Updates on Maryland's $157 Million Countersuit Against ACC

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Updates on Maryland's $157 Million Countersuit Against ACC
Bob Donnan-USA TODAY Sports

Maryland has filed a countersuit after an unsuccessful appeal of a $52 million exit fee imposed by the Atlantic Coast Conference following the school's decision to leave for the Big Ten.

A report from The Sports Xchange (via Yahoo! Sports) states the $157 million lawsuit includes claims involving ESPN as well as officials from Wake Forest and Pittsburgh, which also switched conferences.

The state attorney general also made it a point to say the suit would be ruled on in Maryland, unlike the previous decisions, which came from North Carolina, where the ACC is headquartered:

"Our lawsuit calls the ACC's 'exit fee' what it really is—an antitrust violation and an illegal activity," Maryland Attorney General Douglas Gansler said in a statement. "Our motion in North Carolina will ensure that a Maryland court will rule on the case."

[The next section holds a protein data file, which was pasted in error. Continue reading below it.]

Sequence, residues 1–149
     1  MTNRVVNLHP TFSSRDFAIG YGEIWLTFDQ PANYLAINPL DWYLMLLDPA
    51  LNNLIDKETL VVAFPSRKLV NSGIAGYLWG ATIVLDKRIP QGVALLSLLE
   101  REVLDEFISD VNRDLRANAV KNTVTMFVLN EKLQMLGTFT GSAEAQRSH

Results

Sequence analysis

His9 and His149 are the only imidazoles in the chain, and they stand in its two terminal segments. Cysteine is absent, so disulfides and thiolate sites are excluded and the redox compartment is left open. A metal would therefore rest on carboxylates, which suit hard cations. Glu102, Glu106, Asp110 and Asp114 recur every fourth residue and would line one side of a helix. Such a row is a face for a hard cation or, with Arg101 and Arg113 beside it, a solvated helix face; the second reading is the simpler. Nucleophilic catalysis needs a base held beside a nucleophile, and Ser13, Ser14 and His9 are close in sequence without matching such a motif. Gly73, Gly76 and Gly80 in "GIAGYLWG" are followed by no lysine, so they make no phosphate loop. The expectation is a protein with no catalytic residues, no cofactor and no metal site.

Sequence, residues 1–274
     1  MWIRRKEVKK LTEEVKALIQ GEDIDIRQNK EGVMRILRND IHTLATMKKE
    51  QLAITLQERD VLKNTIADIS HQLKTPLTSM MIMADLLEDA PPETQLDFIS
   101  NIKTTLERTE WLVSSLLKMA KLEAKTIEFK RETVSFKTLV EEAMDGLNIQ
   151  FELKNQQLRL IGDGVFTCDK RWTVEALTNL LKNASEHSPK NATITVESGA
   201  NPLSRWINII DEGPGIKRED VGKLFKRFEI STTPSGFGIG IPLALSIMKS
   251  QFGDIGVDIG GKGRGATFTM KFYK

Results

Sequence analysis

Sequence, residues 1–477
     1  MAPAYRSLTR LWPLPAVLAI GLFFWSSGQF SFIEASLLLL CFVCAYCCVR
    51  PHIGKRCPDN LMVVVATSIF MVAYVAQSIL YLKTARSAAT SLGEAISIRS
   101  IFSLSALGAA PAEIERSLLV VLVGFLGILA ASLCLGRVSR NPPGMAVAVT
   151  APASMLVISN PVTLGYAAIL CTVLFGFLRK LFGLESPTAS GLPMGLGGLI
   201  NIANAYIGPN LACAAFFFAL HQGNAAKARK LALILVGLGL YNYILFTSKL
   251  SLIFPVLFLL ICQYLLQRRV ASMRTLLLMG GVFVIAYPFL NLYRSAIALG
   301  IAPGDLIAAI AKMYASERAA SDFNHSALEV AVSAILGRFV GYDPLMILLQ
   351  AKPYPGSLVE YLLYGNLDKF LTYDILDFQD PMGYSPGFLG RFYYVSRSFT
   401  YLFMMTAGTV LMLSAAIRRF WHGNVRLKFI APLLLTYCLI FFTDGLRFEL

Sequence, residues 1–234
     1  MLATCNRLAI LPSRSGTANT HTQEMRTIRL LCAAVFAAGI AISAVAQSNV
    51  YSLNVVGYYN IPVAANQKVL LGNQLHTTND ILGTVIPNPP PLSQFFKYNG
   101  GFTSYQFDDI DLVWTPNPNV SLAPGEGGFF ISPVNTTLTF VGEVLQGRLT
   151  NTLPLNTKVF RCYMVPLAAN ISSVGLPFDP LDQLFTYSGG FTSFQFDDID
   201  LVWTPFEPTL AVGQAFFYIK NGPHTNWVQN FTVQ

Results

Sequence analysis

In the suit, Maryland alleges ESPN instructed ACC leadership how to attract Big Ten schools to the ACC. It also alleges officials from Wake Forest and Pittsburgh, which joined the ACC, were openly recruiting Big Ten programs to leave.

The Associated Press (via USA Today) previously reported the $52 million fee was the highest ever assessed to a school for switching athletic conferences. It also noted Maryland had no guaranteed right of appeal in North Carolina:

A state Court of Appeals panel rejected Maryland's bid to dismiss the lawsuit. It was filed in Greensboro, where the ACC is headquartered. The three-judge panel's unanimous decision means Maryland has no automatic right to a state Supreme Court appeal. But the higher state court could choose to hear an appeal.

Originally, Maryland expected the exit fee to check in at just over $17 million. The ACC then sued Maryland for triple that amount, and it has been to this point upheld by the courts, according to the AP report, leaving Maryland to pursue other avenues, with the latest being the countersuit.

No further details about the new litigation were immediately released.

 

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